“Social media platforms capitalise on FOMO by using tactics like notifications, live updates, and disappearing messages to keep users engaged and constantly checking back, which can lead to compulsive behaviours and a cycle of seeking validation and connection. Also, the culture of comparison on social media, where users showcase curated and often idealised versions of their lives, can intensify feelings of inadequacy and the need to measure up, driving individuals to engage in risky behaviours to maintain a certain image or status.”

This so-called ‘nature’ of social media and the constant exposure to others’ seemingly perfect lives is the one contributing to the amplification of FOMO and its negative effects on mental health and wellbeing, she explained.

Fortunately, Yusniza also shared some typical tactics employed by companies that leverage on FOMO to create a sense of urgency and drive consumer action. “Be aware when they show that something is in demand, which can motivate consumers to take action to avoid missing out on an opportunity. Especially so when they say that an offer won’t last; because this will create a sense of urgency by emphasising that an offer is limited, or time-sensitive, which in turn can prompt consumers to make a purchase decision quickly.”

Another typical tactic is by creating limited edition products or lead magnets. These offers can create a sense of scarcity and increase the perceived value of the offering, thus encouraging us to (unnecessarily) buy their products. Strategies that may also drive consumer engagement and interest include the display of social proof notifications, such as testimonials and reviews, and by incorporating live events into content marketing. And in the Malaysian context, incorporating the word ‘viral’ in your product’s name seems to do the trick as well.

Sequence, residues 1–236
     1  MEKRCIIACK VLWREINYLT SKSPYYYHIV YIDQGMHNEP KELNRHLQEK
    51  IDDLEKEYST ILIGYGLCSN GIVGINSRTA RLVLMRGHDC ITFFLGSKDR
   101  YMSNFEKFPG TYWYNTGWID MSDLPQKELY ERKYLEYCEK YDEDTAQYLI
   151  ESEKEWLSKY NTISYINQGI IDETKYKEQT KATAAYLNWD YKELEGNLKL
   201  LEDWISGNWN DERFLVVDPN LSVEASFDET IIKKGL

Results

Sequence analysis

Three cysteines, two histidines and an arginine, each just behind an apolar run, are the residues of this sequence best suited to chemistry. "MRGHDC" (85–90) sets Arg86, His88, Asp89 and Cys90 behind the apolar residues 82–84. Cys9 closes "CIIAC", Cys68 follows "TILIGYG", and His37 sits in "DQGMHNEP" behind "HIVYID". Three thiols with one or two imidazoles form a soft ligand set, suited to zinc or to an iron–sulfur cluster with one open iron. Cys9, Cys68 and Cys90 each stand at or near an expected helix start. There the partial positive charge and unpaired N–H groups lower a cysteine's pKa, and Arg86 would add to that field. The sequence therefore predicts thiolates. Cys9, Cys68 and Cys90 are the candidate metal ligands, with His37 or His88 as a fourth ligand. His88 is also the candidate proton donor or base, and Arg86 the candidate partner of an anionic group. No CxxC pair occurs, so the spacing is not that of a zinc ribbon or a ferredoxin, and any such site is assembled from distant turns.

“Basically, all these tactics and strategies tap into the psychological effects of urgency, scarcity, and social proof, to influence consumer behaviour and increase engagement with brands and products,” she elaborated.

So, as we get into the whirlwind of Raya preparations and festivities, let’s take a moment to catch our breath and remember what truly matters. Aidilfitri isn’t about keeping up with the virtual Raya Joneses or outdoing each other’s open house spreads. It’s about those heart-warming moments spent with loved ones, the laughter echoing through the halls, and the warmth of shared blessings.

Let’s not fall prey to the shiny allure of FOMO-induced consumerism, where every scroll through social media is calling us to buy, buy, buy (or eat, eat, eat?). Instead, let’s savour the joy of simplicity, finding happiness in the little things and gratitude for what we already have. Cherish the connections we share and the memories we create, for in these moments lie the true richness of Aidilfitri.

Selamat Hari Raya, everyone!

Associate Professor Ir. Dr Nahrizul Adib Kadri is an Associate Professor at the Faculty of Engineering, and former Director of Corporate Communications Centre, Universiti Malaya.